Genetically Modified Bacteria Can Fix Cracked Concrete
Researchers at the U.K’s University of Newcastle have created a new type of bacteria that generates glue to hold together cracks in concrete structures — that means everything from concrete sidewalks to buildings that have been damaged by earthquakes. With approximately 5% of all man-made CO2 emissions coming from concrete production, any way to cut down the necessity to manufacture new concrete is a big deal.
The “BacillaFilla” is a genetically-modified version of a common soil-bound bacteria called Bacillus subtilis that contains cells that only germinate when they come into contact with the pH of concrete. Once away from the concrete, the bacteria self-destructs (thanks to a gene).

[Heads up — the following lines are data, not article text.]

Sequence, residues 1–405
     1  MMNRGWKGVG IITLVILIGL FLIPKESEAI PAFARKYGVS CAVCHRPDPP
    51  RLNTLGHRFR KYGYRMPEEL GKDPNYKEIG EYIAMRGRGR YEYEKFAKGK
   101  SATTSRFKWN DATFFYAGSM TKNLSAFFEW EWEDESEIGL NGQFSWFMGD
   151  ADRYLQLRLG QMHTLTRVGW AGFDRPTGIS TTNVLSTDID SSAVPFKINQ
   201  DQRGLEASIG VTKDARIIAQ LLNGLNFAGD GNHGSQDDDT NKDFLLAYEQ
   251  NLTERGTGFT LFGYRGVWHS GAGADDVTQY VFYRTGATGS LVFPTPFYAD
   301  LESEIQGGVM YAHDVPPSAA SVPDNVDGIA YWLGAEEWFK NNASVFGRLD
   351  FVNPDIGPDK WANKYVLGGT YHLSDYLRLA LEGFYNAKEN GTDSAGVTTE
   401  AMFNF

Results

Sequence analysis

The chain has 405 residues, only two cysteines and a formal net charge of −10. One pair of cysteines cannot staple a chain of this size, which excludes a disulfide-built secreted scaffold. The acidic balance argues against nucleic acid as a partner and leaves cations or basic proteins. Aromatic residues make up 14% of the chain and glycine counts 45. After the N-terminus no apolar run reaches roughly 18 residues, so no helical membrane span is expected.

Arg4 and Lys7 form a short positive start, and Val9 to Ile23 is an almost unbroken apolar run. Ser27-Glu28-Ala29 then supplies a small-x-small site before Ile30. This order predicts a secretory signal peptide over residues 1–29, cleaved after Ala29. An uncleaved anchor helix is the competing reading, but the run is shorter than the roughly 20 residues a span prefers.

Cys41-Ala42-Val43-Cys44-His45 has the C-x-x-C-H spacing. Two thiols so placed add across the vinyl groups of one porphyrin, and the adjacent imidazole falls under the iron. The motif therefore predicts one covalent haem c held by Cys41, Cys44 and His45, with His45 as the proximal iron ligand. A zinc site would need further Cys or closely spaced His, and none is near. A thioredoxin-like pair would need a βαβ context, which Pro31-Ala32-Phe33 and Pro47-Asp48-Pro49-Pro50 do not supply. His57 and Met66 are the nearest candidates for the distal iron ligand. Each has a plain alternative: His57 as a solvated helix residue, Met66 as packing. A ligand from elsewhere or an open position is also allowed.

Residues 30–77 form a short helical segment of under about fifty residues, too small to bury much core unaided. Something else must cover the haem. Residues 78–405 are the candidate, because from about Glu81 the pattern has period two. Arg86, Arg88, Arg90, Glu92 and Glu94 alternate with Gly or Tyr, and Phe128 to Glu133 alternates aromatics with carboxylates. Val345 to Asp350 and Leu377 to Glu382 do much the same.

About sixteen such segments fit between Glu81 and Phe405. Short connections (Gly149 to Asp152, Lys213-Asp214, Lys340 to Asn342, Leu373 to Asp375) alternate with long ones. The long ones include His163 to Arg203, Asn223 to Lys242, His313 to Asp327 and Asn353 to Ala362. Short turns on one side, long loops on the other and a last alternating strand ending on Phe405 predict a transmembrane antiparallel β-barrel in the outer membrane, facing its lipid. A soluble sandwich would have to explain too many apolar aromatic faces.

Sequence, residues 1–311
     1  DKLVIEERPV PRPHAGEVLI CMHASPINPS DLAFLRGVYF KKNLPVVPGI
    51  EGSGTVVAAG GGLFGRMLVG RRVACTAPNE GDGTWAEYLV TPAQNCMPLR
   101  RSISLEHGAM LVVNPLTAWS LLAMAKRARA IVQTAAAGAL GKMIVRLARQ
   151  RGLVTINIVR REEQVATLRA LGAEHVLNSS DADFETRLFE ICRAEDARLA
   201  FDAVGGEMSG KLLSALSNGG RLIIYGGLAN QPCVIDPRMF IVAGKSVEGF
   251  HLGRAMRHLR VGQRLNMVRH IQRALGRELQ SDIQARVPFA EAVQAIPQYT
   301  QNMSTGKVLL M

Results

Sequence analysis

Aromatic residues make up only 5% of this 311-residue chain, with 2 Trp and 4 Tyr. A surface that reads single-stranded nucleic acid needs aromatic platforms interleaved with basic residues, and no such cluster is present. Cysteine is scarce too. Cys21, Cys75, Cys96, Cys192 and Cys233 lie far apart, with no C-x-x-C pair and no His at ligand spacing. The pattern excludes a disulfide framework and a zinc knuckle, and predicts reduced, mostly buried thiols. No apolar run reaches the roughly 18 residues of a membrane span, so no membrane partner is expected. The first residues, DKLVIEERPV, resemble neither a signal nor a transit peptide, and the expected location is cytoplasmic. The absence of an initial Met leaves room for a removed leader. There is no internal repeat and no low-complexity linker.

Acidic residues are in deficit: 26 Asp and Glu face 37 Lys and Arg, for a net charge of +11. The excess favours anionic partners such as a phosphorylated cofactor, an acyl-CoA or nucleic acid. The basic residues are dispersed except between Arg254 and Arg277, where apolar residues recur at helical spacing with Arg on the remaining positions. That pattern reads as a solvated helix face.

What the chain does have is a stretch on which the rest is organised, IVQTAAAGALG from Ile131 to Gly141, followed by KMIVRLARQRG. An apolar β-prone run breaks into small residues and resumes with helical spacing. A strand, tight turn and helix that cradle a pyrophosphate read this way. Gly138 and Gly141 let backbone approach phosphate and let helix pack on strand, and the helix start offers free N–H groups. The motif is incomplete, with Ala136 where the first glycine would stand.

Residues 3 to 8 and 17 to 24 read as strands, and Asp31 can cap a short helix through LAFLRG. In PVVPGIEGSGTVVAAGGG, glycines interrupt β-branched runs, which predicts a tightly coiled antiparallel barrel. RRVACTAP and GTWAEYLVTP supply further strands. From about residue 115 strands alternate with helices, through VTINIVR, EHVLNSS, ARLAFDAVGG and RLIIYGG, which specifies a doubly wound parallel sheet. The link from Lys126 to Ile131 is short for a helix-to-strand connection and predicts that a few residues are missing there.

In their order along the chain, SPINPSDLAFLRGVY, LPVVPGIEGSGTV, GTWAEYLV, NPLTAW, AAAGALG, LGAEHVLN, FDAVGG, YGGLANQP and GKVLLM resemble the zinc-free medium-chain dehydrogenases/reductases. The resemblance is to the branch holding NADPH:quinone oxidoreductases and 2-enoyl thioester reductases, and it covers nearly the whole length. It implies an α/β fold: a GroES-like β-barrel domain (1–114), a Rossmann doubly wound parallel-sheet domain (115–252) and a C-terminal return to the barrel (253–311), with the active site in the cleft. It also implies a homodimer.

When the cells have been germinated, they burrow deep into the concrete until they reach the bottom. At this point, the concrete repair process is activated, and the cells split into three types that produce calcium carbonate crystals, act as reinforcing fibers, and produce glue which acts as a binding agent to fill concrete gaps.
No word on when this bacteria will be ready for commercialization, but we’re hoping it’s sometime soon!
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